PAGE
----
My parents were both in IT. They got their graduate degrees in computer science when I was young, so technology has always been part of my life. Growing up I remember coloring on the punch cards when my parents would go into the computer lab on weekends to use the terminals and bring me along. Although I drifted away from computer science in high school, my dad got me a job working in the computer lab at my university, so that inadvertently put me back on a technical track.

I fought the computer and data end of things at first when I found my love for business management and strategy, but over time my career has become a pretty organic left-brain/right-brain marrying of the two. 

While my formal education – primarily in business management – has helped my career, most of my data-related skills sets came from on-the-job experience and training. The strength I bring to the data world is my ability to create and drive towards a strategy by translating between customer needs and technology.

The Aha moment

When did I first feel I’d made the right career decision? It was probably when Moody’s acquired Bureau can Dijk, which owned Orbis, one of the largest firmographic databases in the world. Seeing all of the things that a large, global dataset could help solve for our customers was energizing. 

The recent focus on Data + AI in the mainstream media has also helped validate my career choice. Now people at dinner parties show a little more interest in my job. For a long time, “information services” was such a nebulous concept, they would politely change the subject. Now data leaders are almost glamorous. It’s fun to talk about what we do. In the Age of AI, people want to know.

It’s okay to fail, and other surprises

What probably surprised me most about a career in data is that in my experience, data leaders are at the heart of digital transformation efforts in most organizations. Therefore, technical skills are not enough. You have to be able to empathize with the people that you’re working with, convince them of the need to change and engage them so they’re actually part of it, rather than feeling like you could take it all on yourself.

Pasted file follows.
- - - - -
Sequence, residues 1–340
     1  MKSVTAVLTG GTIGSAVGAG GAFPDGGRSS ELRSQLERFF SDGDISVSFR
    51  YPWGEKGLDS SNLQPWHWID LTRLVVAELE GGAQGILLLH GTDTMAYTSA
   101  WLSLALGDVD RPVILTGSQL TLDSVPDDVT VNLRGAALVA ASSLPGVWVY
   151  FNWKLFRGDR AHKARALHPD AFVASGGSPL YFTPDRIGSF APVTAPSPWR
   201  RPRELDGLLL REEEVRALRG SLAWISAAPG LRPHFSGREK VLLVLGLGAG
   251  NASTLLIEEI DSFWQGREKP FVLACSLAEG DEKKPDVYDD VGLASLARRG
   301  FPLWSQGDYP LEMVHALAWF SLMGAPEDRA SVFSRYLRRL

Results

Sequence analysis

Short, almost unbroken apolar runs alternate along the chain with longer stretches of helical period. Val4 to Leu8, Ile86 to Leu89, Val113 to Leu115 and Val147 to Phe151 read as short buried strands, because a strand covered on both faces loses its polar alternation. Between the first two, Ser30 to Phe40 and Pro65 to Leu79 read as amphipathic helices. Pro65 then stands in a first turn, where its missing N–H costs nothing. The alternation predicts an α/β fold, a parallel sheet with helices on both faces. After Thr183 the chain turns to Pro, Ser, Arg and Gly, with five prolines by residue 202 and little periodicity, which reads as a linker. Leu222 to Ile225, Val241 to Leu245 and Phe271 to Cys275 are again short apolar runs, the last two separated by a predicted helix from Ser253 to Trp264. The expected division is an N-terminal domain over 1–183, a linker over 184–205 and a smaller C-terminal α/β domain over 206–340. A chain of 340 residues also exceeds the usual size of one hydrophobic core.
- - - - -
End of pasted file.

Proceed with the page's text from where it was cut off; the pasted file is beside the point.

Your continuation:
You need a high degree of emotional intelligence, courage, and humility to do it well:

  • emotional intelligence to know when the organization is ready to change
  • courage to try new things
  • humility to continually engage your organization to understand what drives value, what is not working and to agree on priorities. 

In such rapidly moving markets, you also have to ask yourself what failures you’re willing to accept, because you learn most when things go wrong. It’s fine to fail in a controlled way. Your employees should be able to come back and say, “I tried this. It’s been a couple weeks. These are the things we’ve learned, but I don’t think these things are working.” To me that’s a very acceptable level of failure because it is driving new learnings. What is not acceptable is “We have been doing this for the last year in order to keep to plan and it has not been working for months.”

That’s why confidence is so important as a data leader. When things get tough you need to let people know that we can get through this. And you need to believe in yourself that you’re the right leader to do it. I have found that as long as you and your team are continuing to learn, and if you approach your job from a position of curiosity, humility, and confidence, a lot of people will engage and work with you in order to drive the change needed to be a data-driven organization.